Reference: Bowler, Evolution, 155–176; Piers Hale, Political Descent: Malthus, Mutualism, and the Politics of Evolution in Victorian England (2014), 1–65; Janet Browne, Charles Darwin: The Power of Place (2002).
Wednesday, February 1: The Reception of Darwinism
Reference: Bowler, Evolution, 177–202; Alvar Ellegård, Darwin and the General Reader: The Reception of Darwin’s Theory of Evolution in the British Periodical Press, 1859–1972 (1958); David L. Hull, Darwin and His Critics: The Reception of Darwin’s Theory of Evolution by the Scientific Community (1973); The Comparative Reception of Darwinism, edited by Thomas F. Glick (1974); Disseminating Darwinism: The Role of Place, Race, Religion, and Gender, edited by Ronald L. Numbers and John Stenhouse (1999); The Reception of Charles Darwin in Europe, edited by Eve-Marie Engels and Thomas F. Glick (2008).
Friday, February 3: Introduction to Special Collections
Reference: Bowler, Evolution, 202–207; James Moore, The Post-Darwinian Controversies: A Study of the Protestant Struggle to Come to Terms with Darwin in Great Britain and America, 1870–1900 (1979); Jon H. Roberts, Darwinism and the Divine in America: Protestant Intellectuals and Organic Evolution, 1859–1900 (1988).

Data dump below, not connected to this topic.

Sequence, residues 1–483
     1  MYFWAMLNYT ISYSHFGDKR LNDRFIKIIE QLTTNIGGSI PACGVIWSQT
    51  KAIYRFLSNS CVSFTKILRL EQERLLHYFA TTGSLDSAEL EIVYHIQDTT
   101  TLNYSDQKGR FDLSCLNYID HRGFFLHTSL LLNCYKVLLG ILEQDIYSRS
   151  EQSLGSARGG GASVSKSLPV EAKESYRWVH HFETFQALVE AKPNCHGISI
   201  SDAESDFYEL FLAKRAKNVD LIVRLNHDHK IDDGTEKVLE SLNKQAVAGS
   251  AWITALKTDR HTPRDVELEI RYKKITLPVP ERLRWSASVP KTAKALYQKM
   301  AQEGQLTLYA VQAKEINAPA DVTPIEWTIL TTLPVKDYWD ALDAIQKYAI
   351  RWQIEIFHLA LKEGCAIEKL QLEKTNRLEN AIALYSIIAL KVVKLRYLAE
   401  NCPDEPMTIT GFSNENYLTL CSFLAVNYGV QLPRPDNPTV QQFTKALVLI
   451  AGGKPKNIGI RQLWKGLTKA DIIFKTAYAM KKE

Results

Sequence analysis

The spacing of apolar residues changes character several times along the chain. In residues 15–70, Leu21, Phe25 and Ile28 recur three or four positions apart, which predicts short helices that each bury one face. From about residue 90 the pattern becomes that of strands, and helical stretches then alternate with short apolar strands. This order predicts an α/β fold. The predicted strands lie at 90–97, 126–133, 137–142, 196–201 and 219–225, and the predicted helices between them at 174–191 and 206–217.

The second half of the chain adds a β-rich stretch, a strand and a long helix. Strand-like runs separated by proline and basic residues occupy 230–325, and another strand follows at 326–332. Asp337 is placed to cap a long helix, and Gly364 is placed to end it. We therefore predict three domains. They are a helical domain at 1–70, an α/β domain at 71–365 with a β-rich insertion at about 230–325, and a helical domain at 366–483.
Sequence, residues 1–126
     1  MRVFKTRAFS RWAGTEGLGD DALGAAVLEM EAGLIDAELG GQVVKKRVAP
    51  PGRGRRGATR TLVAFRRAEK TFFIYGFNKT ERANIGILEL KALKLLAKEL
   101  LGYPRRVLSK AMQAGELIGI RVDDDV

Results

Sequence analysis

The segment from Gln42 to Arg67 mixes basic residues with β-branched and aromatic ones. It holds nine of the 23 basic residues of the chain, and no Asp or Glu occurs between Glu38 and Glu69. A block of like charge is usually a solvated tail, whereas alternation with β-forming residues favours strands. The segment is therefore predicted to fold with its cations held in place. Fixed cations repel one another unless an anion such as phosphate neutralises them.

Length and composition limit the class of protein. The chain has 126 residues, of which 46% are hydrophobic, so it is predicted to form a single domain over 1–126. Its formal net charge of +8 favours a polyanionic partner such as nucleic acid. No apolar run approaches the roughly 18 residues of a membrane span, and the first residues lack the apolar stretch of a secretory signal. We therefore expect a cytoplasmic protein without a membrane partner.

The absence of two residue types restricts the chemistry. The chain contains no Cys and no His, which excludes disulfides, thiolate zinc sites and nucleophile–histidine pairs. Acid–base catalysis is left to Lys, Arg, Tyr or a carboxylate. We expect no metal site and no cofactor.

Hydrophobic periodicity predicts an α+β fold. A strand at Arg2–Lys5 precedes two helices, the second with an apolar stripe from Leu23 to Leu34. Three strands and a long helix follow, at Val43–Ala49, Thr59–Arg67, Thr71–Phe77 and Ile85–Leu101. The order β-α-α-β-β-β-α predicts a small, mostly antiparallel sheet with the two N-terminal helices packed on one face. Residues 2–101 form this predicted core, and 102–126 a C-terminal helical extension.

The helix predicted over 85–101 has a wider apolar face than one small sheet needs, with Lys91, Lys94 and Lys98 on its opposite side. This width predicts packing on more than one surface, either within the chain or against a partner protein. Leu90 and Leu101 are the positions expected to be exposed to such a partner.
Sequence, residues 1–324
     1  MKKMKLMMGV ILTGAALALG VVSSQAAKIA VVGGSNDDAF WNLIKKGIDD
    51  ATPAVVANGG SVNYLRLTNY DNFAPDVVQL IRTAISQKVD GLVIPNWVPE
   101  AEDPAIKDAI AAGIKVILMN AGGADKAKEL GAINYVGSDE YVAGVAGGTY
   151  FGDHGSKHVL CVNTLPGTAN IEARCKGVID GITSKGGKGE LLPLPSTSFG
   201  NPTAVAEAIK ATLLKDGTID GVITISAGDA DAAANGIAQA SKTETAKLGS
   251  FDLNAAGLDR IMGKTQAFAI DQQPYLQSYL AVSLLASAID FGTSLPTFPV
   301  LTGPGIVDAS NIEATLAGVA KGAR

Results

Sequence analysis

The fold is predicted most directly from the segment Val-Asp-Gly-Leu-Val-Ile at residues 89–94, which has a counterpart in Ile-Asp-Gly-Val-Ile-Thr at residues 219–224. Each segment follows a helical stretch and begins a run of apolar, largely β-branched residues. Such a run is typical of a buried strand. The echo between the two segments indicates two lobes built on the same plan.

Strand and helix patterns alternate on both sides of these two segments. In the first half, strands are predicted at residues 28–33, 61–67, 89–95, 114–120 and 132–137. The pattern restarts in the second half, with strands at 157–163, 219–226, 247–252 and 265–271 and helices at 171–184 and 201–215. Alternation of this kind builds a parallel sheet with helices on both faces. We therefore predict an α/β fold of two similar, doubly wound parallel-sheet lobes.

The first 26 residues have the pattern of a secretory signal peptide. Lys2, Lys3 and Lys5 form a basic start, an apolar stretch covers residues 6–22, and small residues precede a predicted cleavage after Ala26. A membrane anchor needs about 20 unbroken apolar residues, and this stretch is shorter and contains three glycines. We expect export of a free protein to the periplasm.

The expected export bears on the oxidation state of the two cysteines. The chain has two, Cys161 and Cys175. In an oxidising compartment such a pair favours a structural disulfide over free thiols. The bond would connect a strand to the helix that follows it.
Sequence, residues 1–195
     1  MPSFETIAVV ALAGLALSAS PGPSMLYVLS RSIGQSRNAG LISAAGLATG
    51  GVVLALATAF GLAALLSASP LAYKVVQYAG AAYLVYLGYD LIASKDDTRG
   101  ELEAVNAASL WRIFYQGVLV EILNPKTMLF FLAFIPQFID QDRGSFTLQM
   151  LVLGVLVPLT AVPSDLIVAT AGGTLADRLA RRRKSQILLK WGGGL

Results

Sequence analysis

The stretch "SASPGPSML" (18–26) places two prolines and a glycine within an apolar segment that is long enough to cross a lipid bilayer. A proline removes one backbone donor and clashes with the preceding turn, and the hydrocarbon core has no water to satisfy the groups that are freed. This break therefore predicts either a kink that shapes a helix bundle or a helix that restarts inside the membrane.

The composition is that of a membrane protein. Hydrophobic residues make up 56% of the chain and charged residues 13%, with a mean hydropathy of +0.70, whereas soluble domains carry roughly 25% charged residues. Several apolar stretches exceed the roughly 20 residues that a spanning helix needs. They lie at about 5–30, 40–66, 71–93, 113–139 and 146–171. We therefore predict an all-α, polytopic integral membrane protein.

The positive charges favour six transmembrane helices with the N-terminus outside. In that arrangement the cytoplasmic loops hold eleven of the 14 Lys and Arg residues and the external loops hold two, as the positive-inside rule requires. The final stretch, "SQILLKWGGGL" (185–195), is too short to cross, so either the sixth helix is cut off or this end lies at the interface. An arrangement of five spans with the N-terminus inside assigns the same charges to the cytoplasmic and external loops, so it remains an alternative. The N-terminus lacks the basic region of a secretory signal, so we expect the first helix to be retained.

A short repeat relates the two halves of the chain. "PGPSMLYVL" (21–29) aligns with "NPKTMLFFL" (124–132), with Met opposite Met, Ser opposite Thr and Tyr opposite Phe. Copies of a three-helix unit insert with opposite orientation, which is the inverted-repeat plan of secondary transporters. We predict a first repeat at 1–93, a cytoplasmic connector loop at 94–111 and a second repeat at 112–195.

Reference: Bowler, Evolution, 313–315; Hale, Political Descent, 106–154; Cynthia Eagle Russett, Sexual Science: The Victorian Construction of Womanhood (1989); Kimberly A. Hamlin, From Eve to Evolution: Darwin, Science, and Women’s Rights in Gilded Age America (2014).
Friday, February 17: Herbert Spencer’s Universal Evolutionism
Reference: Bowler, Evolution, 220–223; Mark Francis, Herbert Spencer and the Invention of Modern Life (2007); Global Spencerism: The Communication and Appropriation of a British Evolutionist, edited by Bernard Lightman (2015).
Monday, February 20: No class for Presidents Day
The Politics of Evolution: Competitive or Cooperative?
Theodosius Dobzhansky, Genetics and the Origin of Species (1937), 3–12.
Reference: Bowler, Evolution, 325–340; Vassiliki Betty Smokovitis, Unifying Biology: The Evolutionary Synthesis and Evolutionary Biology (1996); Robert D. Kohler, Lords of the Fly: Drosophila Genetics and the Experimental Life (1994).
Richard Lewontin, “The Apportionment of Human Diversity,” Evolutionary Biology 6 (1972): 381–387, 396–397.
Reference: Bowler, Evolution, 278–284, 302–305, 353–356; Lee D. Baker, From Savage to Negro: Anthropology and the Construction of Race, 1896–1954 (1998); John P. Jackson, Jr., Science for Segregation: Race, Law, and the Case against Brown v. Board of Education (2005).
Friday, April 14: Periodic Extinctions and Punctuated Equilibria
Niles Eldridge, “‘A Battle of Words,’” in The Third Culture, edited by John Brockman (1995), 120–125.
Elaine Morgan, The Descent of Woman (1972), 1–13, 26–33.
Sarah Blaffer Hrdy, The Woman That Never Evolved (1981), 1–15, 189–191.
Reference: Donna Haraway, Primate Visions: Gender, Race, and Nature in the World of Modern Science (1989); Erika Lorraine Milam, Looking for a Few Good Males: Female Choice in Evolutionary Biology (2010).